The Labor Law Insider: Better Change Your Policies, Including Social Media

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Labor Law Insider host Tom Godar welcomes two new Labor Law Insiders as they discuss the shifting standards applied by the National Labor Relations Board (NLRB) to traditional employment policies found in almost every employee handbook, including social media policies. Tom is joined by two new California-based Husch Blackwell attorneys, Tyler Paetkau and Olga Savage. These experienced labor counsel review employer policies that are under greater NLRB scrutiny, which is currently dominated by Biden Administration appointees. Tyler and See more +
Labor Law Insider host Tom Godar welcomes two new Labor Law Insiders as they discuss the shifting standards applied by the National Labor Relations Board (NLRB) to traditional employment policies found in almost every employee handbook, including social media policies. Tom is joined by two new California-based Husch Blackwell attorneys, Tyler Paetkau and Olga Savage. These experienced labor counsel review employer policies that are under greater NLRB scrutiny, which is currently dominated by Biden Administration appointees. Tyler and Olga present a compelling argument that the world of labor law will change at a far greater pace than what might be expected by a mere change of administration from Republican to Democrat. This sea change has been almost exclusively through administrative action rather than through federal legislation, although some state legislation is changing the picture in various jurisdictions, such as California.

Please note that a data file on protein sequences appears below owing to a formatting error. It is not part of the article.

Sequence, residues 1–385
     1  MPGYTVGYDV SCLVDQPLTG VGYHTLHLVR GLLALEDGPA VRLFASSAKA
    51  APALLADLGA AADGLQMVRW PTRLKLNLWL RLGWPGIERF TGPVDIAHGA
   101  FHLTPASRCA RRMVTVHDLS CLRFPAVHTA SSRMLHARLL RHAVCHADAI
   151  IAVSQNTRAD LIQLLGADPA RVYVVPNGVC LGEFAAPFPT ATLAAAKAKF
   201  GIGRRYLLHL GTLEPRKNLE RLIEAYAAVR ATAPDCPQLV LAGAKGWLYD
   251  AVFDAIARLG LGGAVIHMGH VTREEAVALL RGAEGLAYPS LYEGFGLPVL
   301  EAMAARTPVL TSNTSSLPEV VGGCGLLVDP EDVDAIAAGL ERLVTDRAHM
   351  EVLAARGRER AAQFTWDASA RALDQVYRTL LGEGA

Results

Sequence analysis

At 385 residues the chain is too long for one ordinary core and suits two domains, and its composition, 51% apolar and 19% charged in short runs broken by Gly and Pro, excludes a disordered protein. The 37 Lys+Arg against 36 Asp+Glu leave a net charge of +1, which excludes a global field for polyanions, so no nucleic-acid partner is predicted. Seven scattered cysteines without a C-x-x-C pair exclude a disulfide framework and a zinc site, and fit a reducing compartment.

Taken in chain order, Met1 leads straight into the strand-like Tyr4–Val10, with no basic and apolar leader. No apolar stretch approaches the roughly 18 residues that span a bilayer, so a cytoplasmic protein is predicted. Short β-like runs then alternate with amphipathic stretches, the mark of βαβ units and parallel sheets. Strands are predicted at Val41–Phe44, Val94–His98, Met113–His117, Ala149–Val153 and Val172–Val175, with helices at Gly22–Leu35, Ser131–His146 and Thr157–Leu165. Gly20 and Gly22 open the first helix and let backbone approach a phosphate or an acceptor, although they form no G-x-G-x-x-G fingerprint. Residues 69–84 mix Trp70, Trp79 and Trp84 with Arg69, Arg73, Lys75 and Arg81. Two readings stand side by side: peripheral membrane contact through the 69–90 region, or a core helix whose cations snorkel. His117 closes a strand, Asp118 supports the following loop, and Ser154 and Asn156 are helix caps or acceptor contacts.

In August of 2021 General Counsel Abruzzo set forth a blueprint for these pro-labor changes, which called for changes related to confidentiality policies, union access, and many more employer handbook rules. That blueprint is now being followed in still more GC memorandums, as well as ALJ decisions, which show a sharp turn from the policies that the Trump NLRB had initiated. See the contrast in the two NLRB cases in less than one year, one decided by the Trump-majority NLRB, and the other by the NLRB with the new Biden appointments. One of the more frustrating results for employers is the lack of predictability as to how facially neutral policies might be reviewed and found in violation of the National Labor Relations Act.

This makes it difficult for employers to know what to do when they see highly derogatory comments on Facebook or in social media regarding their company when it seemed unlikely these were within the context of what traditionally had been identified as protected concerted activity but is now being seen in exactly that light. Essentially, the Board is—one policy at a time—undoing the more employer-friendly standards that had been in play under the Trump and Obama administrations.

As the podcast closes, Olga Savage gives a brief but compelling description of how the standard of reviewing policies has changed. If an employer adopts a neutral policy, not targeting traditional organizing activity or activity related to concerted discussions among employees about wages, hours, working conditions, the review of that policy and its application revolves around the potential to chilling impact on employee expression. Such a policy that could be interpreted as having that impact, regardless of employer intent or the express disclaimer regarding protected concerted activity, i.e., Section 7 rights of employees, will itself be seen as a violation and give rise to the possibility of NLRB violations and remedies.

Our companion Labor Law Insider podcast, which will follow in a very short time, goes into greater detail and specific application of these changes. Tyler and Olga discuss how these NLRB changes will affect employers reviewing handbook policies that relate to such standard areas as confidentiality, discussion of individual wages, rules for employer investigations, or use of the internet to criticize the employer or its agents. Enjoy this podcast and stay tuned for its follow up podcast in about two weeks. See less -

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